‘The most extreme heat wave ever seen in Europe’: Warm January breaks records

‘The most extreme heat wave ever seen in Europe’: Warm January breaks records

‘The most extreme heat wave ever seen in Europe’: Warm January breaks records

Europe is experiencing an unprecedentedly warm January with new record temperatures across the continent.

At least seven countries saw their warmest January days on record on New Year’s Day. Belarus, Denmark, the Czech Republic, Latvia, Lithuania, the Netherlands and Poland experienced temperatures that would normally only be recorded in spring.

In Vysokaje, Berlarus temperatures reached a record 16.4 °C. This surpassed the country’s previous record in January by 4.5C.

In Poland, the village of Korbielów recorded temperatures that reached a maximum of 19C. The usual average temperature in January is 1C. In Javorník, Czech Republic, temperatures were 16.6°C higher than normal, at 19.6°C instead of the usual 3°C average for this time of year.

Meanwhile, Denmark recorded temperatures of 12.6°C, Latvia 11.1°C, Lithuania 14.6°C and the Netherlands 16.9°C.

speaking to the independent Maximiliano Herrera, climatologist who tracks extreme temperatures and runs the Twitter account @extreme temperatures, He said: “In terms of the magnitude and the area and how the records were broken, it can be considered as the most extreme heat wave (in terms of anomalies) ever seen in Europe. This without taking length into the equation.”

This means that while Europe is far from the hottest it has ever been, the margin of difference between the average temperature at this time of year and what is currently on record is larger than anything that has ever been seen before.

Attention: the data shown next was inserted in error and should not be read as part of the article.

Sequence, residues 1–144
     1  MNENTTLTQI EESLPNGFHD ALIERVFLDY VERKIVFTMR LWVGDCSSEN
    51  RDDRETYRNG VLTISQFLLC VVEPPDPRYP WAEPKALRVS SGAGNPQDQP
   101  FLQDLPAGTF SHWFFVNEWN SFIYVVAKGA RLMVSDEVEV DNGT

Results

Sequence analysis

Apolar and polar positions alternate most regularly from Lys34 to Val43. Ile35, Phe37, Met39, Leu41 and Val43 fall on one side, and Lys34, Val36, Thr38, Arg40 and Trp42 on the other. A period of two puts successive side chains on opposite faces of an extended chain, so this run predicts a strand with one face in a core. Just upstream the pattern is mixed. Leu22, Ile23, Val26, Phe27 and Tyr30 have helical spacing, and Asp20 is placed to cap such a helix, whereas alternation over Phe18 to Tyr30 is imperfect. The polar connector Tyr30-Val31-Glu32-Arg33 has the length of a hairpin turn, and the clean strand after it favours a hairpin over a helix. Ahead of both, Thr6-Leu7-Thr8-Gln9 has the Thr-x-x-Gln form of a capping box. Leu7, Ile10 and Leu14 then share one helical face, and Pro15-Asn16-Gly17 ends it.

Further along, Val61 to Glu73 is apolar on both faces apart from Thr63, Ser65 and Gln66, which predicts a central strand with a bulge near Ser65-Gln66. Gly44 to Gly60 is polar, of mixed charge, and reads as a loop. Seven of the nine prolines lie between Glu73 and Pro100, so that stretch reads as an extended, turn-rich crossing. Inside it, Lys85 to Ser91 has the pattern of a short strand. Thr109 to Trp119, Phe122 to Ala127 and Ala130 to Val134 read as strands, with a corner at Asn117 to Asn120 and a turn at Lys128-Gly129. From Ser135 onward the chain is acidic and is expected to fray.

Herrera added: “It was like the 2019 heatwave in France + Benelux or the 2021 heatwave in the UK, but for about 15 countries. It is the first time that a heat wave in Europe coincides with the most extreme one in North America with this area of ​​positive intensity.

While climate change is playing a part in this unusual weather, the immediate cause is a heat dome that has settled over Europe.

The polar vortex, responsible for the cold December in Britain, has begun to shrink. This means that warmer air from the south and south-west, i.e. North Africa, has moved north-east towards Europe, causing record temperatures.

“We have seen almost uniform night temperatures of 17/19 C from France/Benelux to Poland via Germany. These temperatures would be above a normal midsummer night,” Herrera said.

In Great Britain the temperatures have been less extreme. Temperatures in the north and Scotland are about normal for this time of year, according to Dan Stroud, Met Office operational meteorologist. By contrast, temperatures in the south of England have been warmer than average. On January 1, a maximum of 12.3 °C was recorded at Heathrow.

However, the UK should not expect European levels of warmth in the coming month, Stroud said. “We expect temperatures to continue on the warm side of average.” But the main trend should be a continuation of the “unsettled and wet weather” Britain has been experiencing.

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